What do you do when you are out and about and have a craving for a quick snack? Shoppers, picnickers, theatregoers, or someone simply out for a stroll in the early 20th Century might have stumbled across a popcorn and peanut machine like one shown in this trade catalog.
The trade catalog is by C. Cretors & Co. and is both untitled and undated. However, we believe it was published circa 1924 by piecing together some information from the catalog, such as the company was established in 1885, it mentions 40 years of experience in building these machines, and it has a library stamp date of 1924 on the front pages.
These popcorn and peanut machines were suitable for both indoor and outdoor use. Some ideas for locations included theatres, department stores, ballgames, fairs, parks, picnic areas, and even sidewalks. The machines were constructed of all-steel frames and finished with paint and varnish. The various metal parts were nickel-plated. After completion, each machine was tested by inspectors.
The popcorn machines included a self-seasoning popper. This meant the flavor was “cooked right into the corn” during the popping process rather than being “smeared on afterwards.” This also saved time as additional buttering or salting was not necessary.
The machine was ready to begin popping within three minutes after the burner was lit. And then approximately every three minutes after that, it could pop 10-12 bags. The popcorn never encountered the burner’s fire or fumes which prevented it from having the taste or smell of gasoline.
According to this catalog, the parts of the machine were easy to access which helped with cleaning. It recommends spending just “15 minutes daily” to keep it clean.
One full page of this catalog is devoted to information about steam engines and electric motors used in these machines. As the catalog points out, the electric motor (below, bottom right) might not be as beautiful as the steam engine, but it was a good option when a machine was positioned indoors or in front of a store. That is, if a nearby and ready supply of electrical current was available.
The Enlarged No. 6 “Earn-More” Machine is featured on the first page of this catalog (below). Though it was a stand-alone machine and not incorporated into a wagon or automobile, it was equipped with casters to make it mobile. With a name such as “Earn-More,” it might have attracted attention of store owners and vendors desiring a large capacity machine to increase their sales. According to this catalog, the “Earn-More” Machine could pop 140-160 one-pound bags of popcorn per hour. And when it came to half-pound bags, it popped 280-320 bags per hour.
The “Earn-More” was also a peanut machine. Each hour, it had the ability to produce 100 five-cent bags of roasted peanuts. It came with a tester to ensure the peanuts were properly roasted. The machine’s three glass sides provided a visual of the warm buttered popcorn and roasted peanuts available for sale. Besides catching the attention of passers-by, the glass sides also allowed customers to see the machine in action.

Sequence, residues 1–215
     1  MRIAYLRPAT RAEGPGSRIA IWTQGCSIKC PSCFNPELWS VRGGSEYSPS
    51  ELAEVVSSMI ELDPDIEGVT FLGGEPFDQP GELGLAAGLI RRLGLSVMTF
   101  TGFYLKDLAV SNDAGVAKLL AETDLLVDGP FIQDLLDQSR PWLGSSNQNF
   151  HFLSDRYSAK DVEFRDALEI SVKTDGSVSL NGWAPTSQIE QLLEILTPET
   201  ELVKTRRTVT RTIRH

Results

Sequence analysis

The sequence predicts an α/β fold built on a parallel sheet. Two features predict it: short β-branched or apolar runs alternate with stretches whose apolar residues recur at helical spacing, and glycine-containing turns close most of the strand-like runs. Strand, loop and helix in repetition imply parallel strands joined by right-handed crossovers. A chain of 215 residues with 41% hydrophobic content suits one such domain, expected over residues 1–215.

Just like many of the machines in this catalog, the Model 401 Roaster and Popper with Case, shown below, was both a popcorn and peanut machine. Described as “an unusually attractive machine of maximum capacity,” it might have been used at venues for special events. The catalog suggests ballparks, fairgrounds, theatre lobbies, or department stores. The Model 401 included drawers for storing extra supplies, like raw corn, peanuts, bags, and cartons. Due to its ability to supply popcorn and peanuts at “maximum capacity” and a peanut roasting cylinder of 20-pounds capacity, this extra space probably came in handy.
The Sidewalk Special (below) was another popcorn and peanut machine. As the name suggests, it might have been situated on a sidewalk or street corner, but it was also suitable for other confined and not so mobile locations. It measured 10 feet 8 inches long and three feet wide. The operator entered the “Sidewalk Special” via a central door and worked in a very small space measuring 36 x 42 inches. The door featured a drop sash and folding counter which allowed interaction with customers.
Some machines were incorporated into a wagon, such as the Improved No. 1 Wagon Model “B” 1916, illustrated below. Described as “attractive, symmetrical and convenient” in design, it featured a steel canopy with drop curtains, brass trim, heated peanut drawers, and a 21-pound peanut roaster capacity. Signs reading “Fresh Roasted,” “Hot Peanuts,” and “Buttered Pop Corn” were located on the sides of the wagon to attract customers. The 8-foot 2-inch wagon was equipped with wood wheels and buggy rubber tires.
Some vendors who desired to be more mobile in their business might have considered the “Automobile Models.” Besides standard equipment like the peanut roaster and double corn popper, these vehicles could also be fitted with other food equipment. Options included ice cream packer cabinets, soft drink coolers, equipment for hamburgers and lunch items, and cookers. For example, the automobile illustrated below advertised cold drinks on its signs along with popcorn and peanuts.
As might be expected, installation and user instructions were included with each machine. But that was not all. The company also provided new owners with promotional items, including advertising materials, moving picture slides, newspaper cuts, and recipe books. The suggestions in these materials came from other owners sharing ideas that had worked for them.
This untitled and undated C. Cretors & Co. trade catalog and other trade literature by C. Cretors & Co. are located in the Trade Literature Collection at the National Museum of American History Library.